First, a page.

Case of the Month I February 2020

Case of the Month
February 27, 2020

The Case

The patient was a 61-year-old white woman with longstanding decreased vision in both eyes and no recent significant change in vision. Her visual acuity was 20/50 OD and 20/80 OS. Her anterior segment examination was remarkable for a mild cataract in each eye. The posterior segment examination was remarkable for large areas of atrophy in the maculas and peripheries of both eyes and pigment mottling elsewhere. The vitreous was quiet and there was no significant macular edema in either eye. What is the most likely diagnosis? What treatment, if any, would you recommend?

The fundus photographs show severe atrophic changes and some pigment mottling in areas of intact retina in both eyes. The fluorescein angiogram shows corresponding areas of severe atrophy of the retina, retinal pigment epithelium, and choriocapillaris of both eyes. There is no disc or macular leakage. Autofluorescence shows hypoautofluorescence of the atrophic areas and there is mild hyperautofluorescence at the borders of the atrophic areas, indicating stressed RPE. The OCTs show retinal atrophy, and the areas that are not totally atrophic have loss of the ellipsoid zones and disruption of the interdigitation zones with intact outer limiting membranes.

Genetic testing was ordered, and she was found to be heterozygous with a c.654del mutation of the PRPH2 gene (previously known as RDS). This gene codes for peripherin 2, which is found in rods and cones and is an adhesion molecule involved in stabilization and compaction of the outer segment discs. There was no edema contributing to visual loss that might have responded to carbonic anhydrase inhibitor treatment (e.g., acetazolamide). No genetic treatment is currently available, but it is possible that in the future Cas9-mediated allelic exchange repair might prevent transmission of this and other heterozygous conditions to offspring
(see https://www.ncbi.nlm.nih.gov/pubmed/30102296).

Case Photos

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The fundus photographs show severe atrophic changes and some pigment mottling in areas of intact retina in both eyes. The fluorescein angiogram shows corresponding areas of severe atrophy of the retina, retinal pigment epithelium, and choriocapillaris of both eyes. There is no disc or macular leakage. Autofluorescence shows hypoautofluorescence of the atrophic areas and there is mild hyperautofluorescence at the borders of the atrophic areas, indicating stressed RPE. The OCTs show retinal atrophy, and the areas that are not totally atrophic have loss of the ellipsoid zones and disruption of the interdigitation zones with intact outer limiting membranes.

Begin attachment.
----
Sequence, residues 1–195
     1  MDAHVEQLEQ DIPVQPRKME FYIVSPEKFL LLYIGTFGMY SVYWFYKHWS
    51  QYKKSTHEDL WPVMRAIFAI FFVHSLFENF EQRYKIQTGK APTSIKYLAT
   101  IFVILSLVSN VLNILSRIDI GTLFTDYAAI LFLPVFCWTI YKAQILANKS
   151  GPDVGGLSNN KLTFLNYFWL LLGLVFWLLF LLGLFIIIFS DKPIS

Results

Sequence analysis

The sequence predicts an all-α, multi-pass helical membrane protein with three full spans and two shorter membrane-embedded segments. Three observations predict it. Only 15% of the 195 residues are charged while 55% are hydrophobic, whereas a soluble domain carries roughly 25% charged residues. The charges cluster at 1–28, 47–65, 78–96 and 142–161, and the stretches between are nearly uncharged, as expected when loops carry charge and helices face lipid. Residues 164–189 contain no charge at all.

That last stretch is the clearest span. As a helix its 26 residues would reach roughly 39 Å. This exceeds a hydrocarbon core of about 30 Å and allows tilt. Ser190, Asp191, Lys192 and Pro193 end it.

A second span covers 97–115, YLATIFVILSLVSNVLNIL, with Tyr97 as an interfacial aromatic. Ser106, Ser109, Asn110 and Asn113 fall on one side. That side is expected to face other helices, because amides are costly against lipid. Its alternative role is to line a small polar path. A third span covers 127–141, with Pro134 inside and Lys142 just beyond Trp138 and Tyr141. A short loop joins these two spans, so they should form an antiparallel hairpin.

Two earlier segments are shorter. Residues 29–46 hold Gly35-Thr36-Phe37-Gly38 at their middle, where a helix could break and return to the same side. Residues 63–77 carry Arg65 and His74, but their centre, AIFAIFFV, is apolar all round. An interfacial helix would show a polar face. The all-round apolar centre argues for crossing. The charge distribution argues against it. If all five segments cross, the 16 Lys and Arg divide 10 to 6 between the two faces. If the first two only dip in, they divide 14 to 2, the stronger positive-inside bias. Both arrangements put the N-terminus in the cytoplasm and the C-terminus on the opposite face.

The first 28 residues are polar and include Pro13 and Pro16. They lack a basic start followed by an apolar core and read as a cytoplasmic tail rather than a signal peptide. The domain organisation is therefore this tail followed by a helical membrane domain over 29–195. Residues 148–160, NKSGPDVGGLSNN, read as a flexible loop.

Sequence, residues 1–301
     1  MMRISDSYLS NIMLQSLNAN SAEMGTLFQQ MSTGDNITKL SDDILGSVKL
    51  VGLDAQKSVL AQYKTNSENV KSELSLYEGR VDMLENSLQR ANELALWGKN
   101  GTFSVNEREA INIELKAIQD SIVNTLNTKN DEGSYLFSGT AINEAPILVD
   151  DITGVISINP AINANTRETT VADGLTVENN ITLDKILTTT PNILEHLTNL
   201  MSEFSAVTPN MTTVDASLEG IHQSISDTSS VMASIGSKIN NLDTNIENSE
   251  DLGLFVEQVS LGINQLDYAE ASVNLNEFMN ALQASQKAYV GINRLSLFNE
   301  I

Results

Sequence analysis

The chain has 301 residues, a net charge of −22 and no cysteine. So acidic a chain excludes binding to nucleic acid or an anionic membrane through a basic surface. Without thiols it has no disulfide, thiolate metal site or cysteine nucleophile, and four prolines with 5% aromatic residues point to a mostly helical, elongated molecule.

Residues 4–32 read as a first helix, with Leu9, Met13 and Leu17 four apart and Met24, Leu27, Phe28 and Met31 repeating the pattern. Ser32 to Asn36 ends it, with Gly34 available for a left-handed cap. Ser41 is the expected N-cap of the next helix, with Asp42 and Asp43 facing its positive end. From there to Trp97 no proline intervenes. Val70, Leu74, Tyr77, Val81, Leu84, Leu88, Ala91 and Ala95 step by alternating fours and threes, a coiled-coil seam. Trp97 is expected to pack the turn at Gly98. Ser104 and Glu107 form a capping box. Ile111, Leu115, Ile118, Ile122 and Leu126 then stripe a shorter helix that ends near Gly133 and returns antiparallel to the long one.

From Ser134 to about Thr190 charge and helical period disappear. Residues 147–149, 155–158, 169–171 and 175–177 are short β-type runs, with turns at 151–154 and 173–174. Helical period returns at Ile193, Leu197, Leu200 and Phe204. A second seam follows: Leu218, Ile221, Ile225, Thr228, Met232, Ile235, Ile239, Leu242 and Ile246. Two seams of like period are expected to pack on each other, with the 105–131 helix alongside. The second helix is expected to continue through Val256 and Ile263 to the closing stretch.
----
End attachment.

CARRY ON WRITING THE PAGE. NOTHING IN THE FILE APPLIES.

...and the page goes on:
Genetic testing was ordered, and she was found to be heterozygous with a c.654del mutation of the PRPH2 gene (previously known as RDS). This gene codes for peripherin 2, which is found in rods and cones and is an adhesion molecule involved in stabilization and compaction of the outer segment discs. There was no edema contributing to visual loss that might have responded to carbonic anhydrase inhibitor treatment (e.g., acetazolamide). No genetic treatment is currently available, but it is possible that in the future Cas9-mediated allelic exchange repair might prevent transmission of this and other heterozygous conditions to offspring
(see https://www.ncbi.nlm.nih.gov/pubmed/30102296).

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